Engineering as a form of art (Part 2)

Read this in about 6 minutes

In continuation to my last post

If the story around the TeX world is to be believed, Prof. Dr Donald Knuth, a computer scientist and a mathematician, was publishing the third edition of his book. He had gotten a sample of his book from his publisher. His publisher had just acquired some new computer-based typesetting and printing machinery, which they were super-excited to use. But when Prof. Donald Knuth received the book, he was more than disappointed with the output.

It is said, that night, he decided to make his own software, which could deal with typesetting. What’s the big deal, why overreact like this, you may ask. It is a big deal for people who care about quality. There was text in the book, and there was math. There were complex things that had to be printed. He could’ve asked his publisher to go with the traditional way of printing his book, but he took matters in his hands. That’s what real engineers/scientists who care about their work, do. Typesetting is an art, and the world needed a scientist to solve it. And when was this? Back in late 1970s.

What he thought would take six months, ended up taking about a decade, but he didn’t fail. In fact, he gathered a bunch of people who knew the trade. One of them was my favourite type designer: the now 78-year-old Matthew Carter. I don’t know, I just love his fonts. He’s the one who created Georgia. And he’s the one who created this beautiful font called Charter (download here). Together, Prof. Knuth and Mr Carter (and a few others) created a system that handled typesetting so well, that it  can still put InDesign to shame.

Enter TeX.

The document you create is a program

TeX is probably the best system, even today, for mathematical printing. The typography is of high quality, and the output creation is close to effortless. The catch? You need to program it. In a way, the document you create is a program. But the good thing about it is that it is all plain text. You can literally read what’s written. Once it runs, you get a beautifully done PDF or PostScript file. Ah, the beauty!

You effortlessly create top quality stuff!

Agreed, it frustrated me at first—big time. At a point, I just shut off the computer and went over to watch some comedy on TV. But when I came back with a clear head, I could see it churn out awesomeness right in front of me! And no, this is not about fonts. This is about how a document is typeset. The justification algorithm, the hyphenation algorithm, the word spacing… You effortlessly create top quality stuff!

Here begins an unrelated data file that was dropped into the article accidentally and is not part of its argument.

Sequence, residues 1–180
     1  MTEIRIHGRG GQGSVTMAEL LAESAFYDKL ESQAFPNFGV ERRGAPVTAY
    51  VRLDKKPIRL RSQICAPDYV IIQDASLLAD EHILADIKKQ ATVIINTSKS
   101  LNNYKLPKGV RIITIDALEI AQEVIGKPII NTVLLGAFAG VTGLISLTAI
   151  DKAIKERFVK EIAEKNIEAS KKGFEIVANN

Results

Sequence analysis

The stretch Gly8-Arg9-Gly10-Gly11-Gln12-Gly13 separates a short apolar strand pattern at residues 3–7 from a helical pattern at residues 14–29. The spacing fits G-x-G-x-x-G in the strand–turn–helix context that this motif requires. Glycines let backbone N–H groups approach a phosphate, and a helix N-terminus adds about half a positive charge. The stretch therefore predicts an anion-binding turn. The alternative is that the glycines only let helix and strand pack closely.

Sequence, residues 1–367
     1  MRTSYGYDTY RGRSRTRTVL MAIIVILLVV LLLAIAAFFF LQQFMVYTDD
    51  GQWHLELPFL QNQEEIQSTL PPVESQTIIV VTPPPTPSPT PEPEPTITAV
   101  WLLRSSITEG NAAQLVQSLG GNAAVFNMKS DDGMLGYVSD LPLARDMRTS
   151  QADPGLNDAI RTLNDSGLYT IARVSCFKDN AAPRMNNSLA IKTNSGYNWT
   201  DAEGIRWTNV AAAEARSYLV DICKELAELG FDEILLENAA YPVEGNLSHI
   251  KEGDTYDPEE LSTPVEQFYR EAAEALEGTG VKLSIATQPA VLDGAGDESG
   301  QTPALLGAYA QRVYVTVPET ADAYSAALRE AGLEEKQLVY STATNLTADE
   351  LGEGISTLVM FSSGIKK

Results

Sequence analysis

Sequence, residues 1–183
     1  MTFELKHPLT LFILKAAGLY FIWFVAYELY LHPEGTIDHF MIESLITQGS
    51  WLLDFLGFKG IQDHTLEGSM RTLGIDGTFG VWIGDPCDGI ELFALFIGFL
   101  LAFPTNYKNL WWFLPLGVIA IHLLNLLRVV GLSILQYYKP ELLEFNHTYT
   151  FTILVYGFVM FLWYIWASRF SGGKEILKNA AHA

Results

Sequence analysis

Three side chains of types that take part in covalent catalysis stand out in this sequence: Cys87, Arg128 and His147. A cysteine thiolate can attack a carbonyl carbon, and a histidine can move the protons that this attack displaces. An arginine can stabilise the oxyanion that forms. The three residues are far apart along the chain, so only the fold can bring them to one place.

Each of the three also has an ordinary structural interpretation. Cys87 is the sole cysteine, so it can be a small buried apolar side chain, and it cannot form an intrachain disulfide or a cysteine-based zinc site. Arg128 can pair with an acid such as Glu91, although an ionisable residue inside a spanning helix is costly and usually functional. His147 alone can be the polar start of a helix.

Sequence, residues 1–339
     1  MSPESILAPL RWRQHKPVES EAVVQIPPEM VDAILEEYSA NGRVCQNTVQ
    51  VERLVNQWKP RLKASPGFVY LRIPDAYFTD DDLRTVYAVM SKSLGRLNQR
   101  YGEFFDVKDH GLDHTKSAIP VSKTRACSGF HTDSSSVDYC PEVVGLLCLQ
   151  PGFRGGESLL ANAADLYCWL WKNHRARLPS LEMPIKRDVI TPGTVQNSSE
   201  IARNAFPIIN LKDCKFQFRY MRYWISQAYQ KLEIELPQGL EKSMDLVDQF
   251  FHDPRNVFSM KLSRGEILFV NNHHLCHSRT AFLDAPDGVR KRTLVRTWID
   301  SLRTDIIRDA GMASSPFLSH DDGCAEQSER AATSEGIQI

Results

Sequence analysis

They wanted the world to have something amazing; they gave it off.

And you know what’s surprising? It is free. It is FREE. Back in those days, the gang o’ guys that created this awesome piece of software, wanted the world to use it, and to see what they can potentially get, but what they’re actually settling for. They wanted mathematicians, academicians and students to use it to produce beautiful documents even with complex layouts. They knew that these people whom it is intended for, would not be able to pay for it. And they never cared about what they got financially. They wanted the world to have something amazing; they gave it off. And true to the spirit, even today, every flavour of TeX remains free and open source.

A few years later (1980, I guess?), Dr Leslie Lamport picked up TeX and felt that it was a little difficult to handle, given the sheer number of commands/macros. He set out on a mission to make it simpler to use. Did he succeed? The ever so stable LaTeX could speak for him. TeX was declared feature-complete in 1989! Yes, 1989! Can you believe it? But in the 90s, Hàn Thế Thành created pdfLaTeX, which could directly give you the output in PDF format—until then, it was either DVI or PostScript. I work on pdfLaTeX, and I love it. There are two more flavours of TeX that are highly popular—XeLaTeX (XeTeX) and LuaLaTeX (LuaTeX). They are more modern implementations of TeX.

… so how come designers are not using it?

So wait a minute, you tell me that LaTeX produces an output that’s in some ways, better than InDesign, or in general is at least as good as InDesign, you say it is free, so how come designers are not using it?

Because it doesn’t really have a GUI. Simple. There’s the text editor, which might as well be Notepad, and then there’s this backend program that runs, reads the text, and converts it into PS or DVI or PDF. Most designers don’t like code (CSS is probably an exception).

So why not create a GUI for LaTeX?

Well, because if you possibly do manage to create a GUI for LaTeX, the UI would have you completely lost. Because there are those many number of possibilities you can have with LaTeX. You cannot possibly fit everything into a GUI window. The keyboard is going to rule in the LaTeX world for the foreseeable future.

As for me, I’m hooked. I just finished creating a basic template for a novel, and submitted it as an openly available template—following the spirit of LaTeX. You could also check out the first novel I typeset using the LaTeX system here.